CDC Releases Its Second Antibiotic Resistance Threats in the United States Report

CDC released its second Antibiotic Resistance Threats in the United States (AR Threats Report). The report provides new national estimates of deaths and infections caused by antibiotic-resistant germs, and categorizes the top resistant germs based on level of concern to human health. More people in the United States are dying from antibiotic-resistant infections than previously estimated. Without more action, significant progress since 2013 could be lost. [Source: CDC 13 Nov 2019]

Antibiotic-resistant bacteria and fungi cause more than 2.8 million infections and 35,000 deaths in the United States each year. That means, on average, someone in the United States gets an antibiotic-resistant infection every 11 seconds and every 15 minutes someone dies. When Clostridioides difficile, bacteria associated with antibiotic use, is included, the U.S. toll of all the threats in the report exceeds 3 million infections and 48,000 deaths.

Using the most robust and reliable data, the new report shows that the scope and burden of antibiotic-resistant threats in the United States were greater than previously estimated in the 2013 AR Threats Report. However, prevention efforts have reduced deaths from antibiotic-resistant infections by 18% overall and by nearly 30% in hospitals since 2013.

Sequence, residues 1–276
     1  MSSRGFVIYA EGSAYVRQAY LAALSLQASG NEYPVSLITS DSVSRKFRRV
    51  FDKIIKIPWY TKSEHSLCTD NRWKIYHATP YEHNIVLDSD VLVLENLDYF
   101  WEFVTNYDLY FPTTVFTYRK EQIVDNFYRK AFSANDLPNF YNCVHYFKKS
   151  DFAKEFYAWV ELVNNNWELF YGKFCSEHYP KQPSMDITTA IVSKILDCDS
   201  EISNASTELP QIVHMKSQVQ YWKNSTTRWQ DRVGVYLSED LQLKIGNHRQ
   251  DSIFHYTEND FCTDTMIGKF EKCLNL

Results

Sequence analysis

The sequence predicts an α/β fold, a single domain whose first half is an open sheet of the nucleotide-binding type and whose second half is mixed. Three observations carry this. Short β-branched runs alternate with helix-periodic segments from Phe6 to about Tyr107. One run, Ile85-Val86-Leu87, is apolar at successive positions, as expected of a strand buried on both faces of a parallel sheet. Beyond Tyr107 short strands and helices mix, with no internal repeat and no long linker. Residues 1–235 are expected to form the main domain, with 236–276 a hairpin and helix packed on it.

Without continued vigilance, germs will continue to spread, cause infections, and harm and kill people. Addressing this threat requires:

  • Preventing infections in the first place
  • Slowing the development of resistance through improved antibiotic use
  • Stopping the spread of resistance when it does develop

CDC continues to collaborate with partners across the globe to combat these threats through the AR Solutions Initiative. Together, more action is needed to fully protect people from antibiotic-resistant threats.

New in 2019 Report

  • Antibiotic resistance threats list--The list of 18 germs includes two new urgent threats, bringing the number of urgent threats to five.
  • Watch list--Three additional germs that have yet to spread resistance widely in the United States, but that CDC and other public health experts closely monitor.
  • Trends--For some germs, CDC studied how estimates of antibiotic-resistant infections and deaths has changed over time. Resistant infections and deaths from germs often associated with hospitals are steadily declining. Resistance to essential antibiotics is increasing in seven of the 18 germs.
  • Electronic health data--For the first time, the infection and death estimates for healthcare-associated germs were calculated using electronic health data from hospitals.